New Horizons survived its flyby of Ultima Thule

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New Horizons is named after the New Horizon space probe, and premiered on NASA TV on New Years Day, to coincide with the probe passing Ultima Thule in the Kuiper Belt, an object located a billion miles beyond Pluto, and the most distant rock ever to be visited by the human race.

Yesterday, Principal Investigator Alan Stern said that if he had to bet, his money would be on 2014 MU69 being a single object - a prediction agreed to by others on the panel. This union was not violent; the two bodies came together at about walking speed, in a meetup more akin to a spacecraft docking than to a collision, said Jeff Moore of NASA's Ames Research Center, the leader of New Horizons' geology and geophysics team. The team released an image taken before the flyby while the spacecraft was still some one million miles from Ultima Thule.

New Horizons launched in 2006 and flew by its initial target, Pluto, in 2015.

NASA during a press conference on Wednesday shared the clearest images yet of Ultima Thule, the furthest object ever explored by a spacecraft.

The larger sphere is "Ultima" and measures 19 kilometres across.

What is perhaps most exciting about the final confirmation that 2014 MU69 is a contact binary is that it begins to solidify models of solar system formation and planetary accretion.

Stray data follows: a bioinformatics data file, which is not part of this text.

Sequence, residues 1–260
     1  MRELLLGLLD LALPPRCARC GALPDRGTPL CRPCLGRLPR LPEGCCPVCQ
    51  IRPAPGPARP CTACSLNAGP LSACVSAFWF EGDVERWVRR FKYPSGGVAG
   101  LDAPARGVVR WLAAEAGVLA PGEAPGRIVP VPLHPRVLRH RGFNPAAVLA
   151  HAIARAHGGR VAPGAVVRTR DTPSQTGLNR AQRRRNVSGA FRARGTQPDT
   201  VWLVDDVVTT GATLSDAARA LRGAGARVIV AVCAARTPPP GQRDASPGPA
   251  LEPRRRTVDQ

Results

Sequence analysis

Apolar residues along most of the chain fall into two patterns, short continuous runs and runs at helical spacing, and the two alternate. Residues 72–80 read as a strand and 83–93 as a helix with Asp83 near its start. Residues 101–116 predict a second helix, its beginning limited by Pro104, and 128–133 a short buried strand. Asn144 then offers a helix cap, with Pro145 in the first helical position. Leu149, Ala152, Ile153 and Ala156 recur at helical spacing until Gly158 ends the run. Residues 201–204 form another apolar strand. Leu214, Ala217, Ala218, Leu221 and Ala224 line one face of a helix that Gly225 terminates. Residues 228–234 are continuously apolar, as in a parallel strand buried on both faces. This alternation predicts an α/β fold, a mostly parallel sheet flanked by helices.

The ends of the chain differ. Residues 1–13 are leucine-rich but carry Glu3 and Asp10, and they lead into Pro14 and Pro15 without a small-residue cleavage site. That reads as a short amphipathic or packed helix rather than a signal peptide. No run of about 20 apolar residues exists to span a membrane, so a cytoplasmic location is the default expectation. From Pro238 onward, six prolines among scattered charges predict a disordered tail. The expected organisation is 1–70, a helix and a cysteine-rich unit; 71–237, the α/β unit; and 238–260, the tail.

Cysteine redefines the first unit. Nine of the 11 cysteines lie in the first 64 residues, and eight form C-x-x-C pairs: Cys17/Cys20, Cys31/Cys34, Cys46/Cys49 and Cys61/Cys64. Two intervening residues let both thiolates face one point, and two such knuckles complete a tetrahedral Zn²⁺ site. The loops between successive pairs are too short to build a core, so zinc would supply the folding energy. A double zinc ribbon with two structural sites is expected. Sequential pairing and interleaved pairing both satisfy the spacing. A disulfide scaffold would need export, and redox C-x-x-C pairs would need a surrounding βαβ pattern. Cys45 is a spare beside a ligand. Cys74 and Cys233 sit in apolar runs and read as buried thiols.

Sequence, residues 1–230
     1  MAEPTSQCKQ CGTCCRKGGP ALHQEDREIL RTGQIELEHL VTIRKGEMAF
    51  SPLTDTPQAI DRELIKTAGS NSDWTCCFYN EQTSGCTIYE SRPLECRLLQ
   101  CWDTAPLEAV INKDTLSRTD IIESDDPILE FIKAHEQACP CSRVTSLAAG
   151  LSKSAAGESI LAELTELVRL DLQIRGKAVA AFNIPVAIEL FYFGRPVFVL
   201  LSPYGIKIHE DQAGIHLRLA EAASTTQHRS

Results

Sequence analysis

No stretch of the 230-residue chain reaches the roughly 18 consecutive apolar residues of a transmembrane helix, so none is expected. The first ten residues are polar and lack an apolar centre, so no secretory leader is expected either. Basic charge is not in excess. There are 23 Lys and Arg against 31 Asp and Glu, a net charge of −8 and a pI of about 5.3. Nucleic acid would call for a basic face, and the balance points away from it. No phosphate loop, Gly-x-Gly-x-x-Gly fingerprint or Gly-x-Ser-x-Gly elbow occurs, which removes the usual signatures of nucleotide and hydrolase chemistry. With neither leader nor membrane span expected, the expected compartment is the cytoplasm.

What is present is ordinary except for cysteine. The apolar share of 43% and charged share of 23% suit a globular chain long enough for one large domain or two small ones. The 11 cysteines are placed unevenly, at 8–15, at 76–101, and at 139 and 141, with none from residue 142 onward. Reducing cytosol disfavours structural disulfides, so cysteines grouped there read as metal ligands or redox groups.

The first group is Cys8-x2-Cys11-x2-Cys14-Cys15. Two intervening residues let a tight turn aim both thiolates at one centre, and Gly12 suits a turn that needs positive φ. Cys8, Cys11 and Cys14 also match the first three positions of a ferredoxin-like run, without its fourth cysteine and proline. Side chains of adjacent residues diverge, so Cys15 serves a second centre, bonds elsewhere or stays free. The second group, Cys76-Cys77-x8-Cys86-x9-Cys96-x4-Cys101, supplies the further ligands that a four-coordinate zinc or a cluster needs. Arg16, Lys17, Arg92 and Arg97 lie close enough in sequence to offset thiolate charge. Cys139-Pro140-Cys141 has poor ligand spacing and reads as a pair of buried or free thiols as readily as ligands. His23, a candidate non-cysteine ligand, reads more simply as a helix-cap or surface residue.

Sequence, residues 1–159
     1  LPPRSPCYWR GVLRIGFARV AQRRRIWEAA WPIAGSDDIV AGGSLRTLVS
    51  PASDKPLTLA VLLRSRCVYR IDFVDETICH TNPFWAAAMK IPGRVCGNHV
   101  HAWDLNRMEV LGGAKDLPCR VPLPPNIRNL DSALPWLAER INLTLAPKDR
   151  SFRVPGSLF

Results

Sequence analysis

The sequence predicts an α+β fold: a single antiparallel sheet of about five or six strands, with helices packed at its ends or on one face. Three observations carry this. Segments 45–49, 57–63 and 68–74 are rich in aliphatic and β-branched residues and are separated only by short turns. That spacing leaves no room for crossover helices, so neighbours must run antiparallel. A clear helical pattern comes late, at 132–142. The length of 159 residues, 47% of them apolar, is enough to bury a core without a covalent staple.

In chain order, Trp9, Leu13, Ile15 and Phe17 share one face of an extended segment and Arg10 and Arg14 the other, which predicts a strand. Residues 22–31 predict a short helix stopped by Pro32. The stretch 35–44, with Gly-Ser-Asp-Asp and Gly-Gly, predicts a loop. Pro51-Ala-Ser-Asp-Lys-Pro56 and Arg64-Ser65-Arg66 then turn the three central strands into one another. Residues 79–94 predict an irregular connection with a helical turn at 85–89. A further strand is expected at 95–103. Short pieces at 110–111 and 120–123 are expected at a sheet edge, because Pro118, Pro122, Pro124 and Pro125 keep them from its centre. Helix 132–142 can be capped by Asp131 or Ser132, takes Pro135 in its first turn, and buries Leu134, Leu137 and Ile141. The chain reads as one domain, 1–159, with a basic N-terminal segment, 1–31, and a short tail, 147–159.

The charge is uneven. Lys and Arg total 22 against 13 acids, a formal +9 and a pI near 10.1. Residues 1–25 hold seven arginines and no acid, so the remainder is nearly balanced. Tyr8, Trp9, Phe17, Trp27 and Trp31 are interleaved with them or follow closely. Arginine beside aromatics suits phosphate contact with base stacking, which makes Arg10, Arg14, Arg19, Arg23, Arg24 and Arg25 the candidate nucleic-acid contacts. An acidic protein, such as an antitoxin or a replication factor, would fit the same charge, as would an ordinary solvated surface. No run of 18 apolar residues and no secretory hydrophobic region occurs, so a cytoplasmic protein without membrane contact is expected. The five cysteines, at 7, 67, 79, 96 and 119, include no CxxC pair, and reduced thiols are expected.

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"The data we have look fantastic and we're already learning about Ultima Thule from up close". Despite its long journey, the spacecraft is still chugging along and could potentially break through the belt to join NASA's Voyager and Pioneer spacecraft outside our solar system-if the mission is renewed, Space reports. The larger lobe is the "bottom" sphere and the smaller lobe is the "upper" sphere.

The neck area is also sloped enough that objects and fine grain elements can tumble or roll down the slopes and settle in the valley where the two lobes meet - something which likely explains the higher albedo seen in the data thus far returned from New Horizons.

"Reaching Ultima Thule from 4 billion miles away is an incredible achievement". The left image is color-enhanced.

The images released so far are "just the tip of the iceberg", he said, adding only 1% of data stored on the spacecraft has now been received by scientists.

"That bowling pin is gone - it's a snowman if anything at all", Mr Stern said during a NASA briefing.

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